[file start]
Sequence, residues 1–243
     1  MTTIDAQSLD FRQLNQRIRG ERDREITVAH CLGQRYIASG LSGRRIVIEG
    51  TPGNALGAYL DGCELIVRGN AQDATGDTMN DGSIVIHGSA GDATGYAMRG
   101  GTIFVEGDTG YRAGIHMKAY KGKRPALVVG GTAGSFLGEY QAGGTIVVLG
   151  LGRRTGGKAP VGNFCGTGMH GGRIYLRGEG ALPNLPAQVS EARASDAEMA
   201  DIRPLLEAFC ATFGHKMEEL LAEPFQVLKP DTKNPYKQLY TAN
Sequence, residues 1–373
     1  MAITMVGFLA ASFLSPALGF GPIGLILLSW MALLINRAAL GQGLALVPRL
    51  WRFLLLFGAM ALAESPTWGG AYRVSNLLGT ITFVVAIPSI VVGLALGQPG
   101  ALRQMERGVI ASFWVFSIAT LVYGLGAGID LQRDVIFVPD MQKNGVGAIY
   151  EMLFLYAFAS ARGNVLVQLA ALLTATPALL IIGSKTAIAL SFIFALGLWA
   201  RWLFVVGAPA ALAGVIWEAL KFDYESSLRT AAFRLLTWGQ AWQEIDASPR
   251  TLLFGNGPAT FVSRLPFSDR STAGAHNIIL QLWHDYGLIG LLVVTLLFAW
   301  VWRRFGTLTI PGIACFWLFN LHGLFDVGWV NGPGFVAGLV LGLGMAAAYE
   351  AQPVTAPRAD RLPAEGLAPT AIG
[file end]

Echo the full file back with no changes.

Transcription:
Sequence, residues 1–243
     1  MTTIDAQSLD FRQLNQRIRG ERDREITVAH CLGQRYIASG LSGRRIVIEG
    51  TPGNALGAYL DGCELIVRGN AQDATGDTMN DGSIVIHGSA GDATGYAMRG
   101  GTIFVEGDTG YRAGIHMKAY KGKRPALVVG GTAGSFLGEY QAGGTIVVLG
   151  LGRRTGGKAP VGNFCGTGMH GGRIYLRGEG ALPNLPAQVS EARASDAEMA
   201  DIRPLLEAFC ATFGHKMEEL LAEPFQVLKP DTKNPYKQLY TAN
Sequence, residues 1–373
     1  MAITMVGFLA ASFLSPALGF GPIGLILLSW MALLINRAAL GQGLALVPRL
    51  WRFLLLFGAM ALAESPTWGG AYRVSNLLGT ITFVVAIPSI VVGLALGQPG
   101  ALRQMERGVI ASFWVFSIAT LVYGLGAGID LQRDVIFVPD MQKNGVGAIY
   151  EMLFLYAFAS ARGNVLVQLA ALLTATPALL IIGSKTAIAL SFIFALGLWA
   201  RWLFVVGAPA ALAGVIWEAL KFDYESSLRT AAFRLLTWGQ AWQEIDASPR
   251  TLLFGNGPAT FVSRLPFSDR STAGAHNIIL QLWHDYGLIG LLVVTLLFAW
   301  VWRRFGTLTI PGIACFWLFN LHGLFDVGWV NGPGFVAGLV LGLGMAAAYE
   351  AQPVTAPRAD RLPAEGLAPT AIG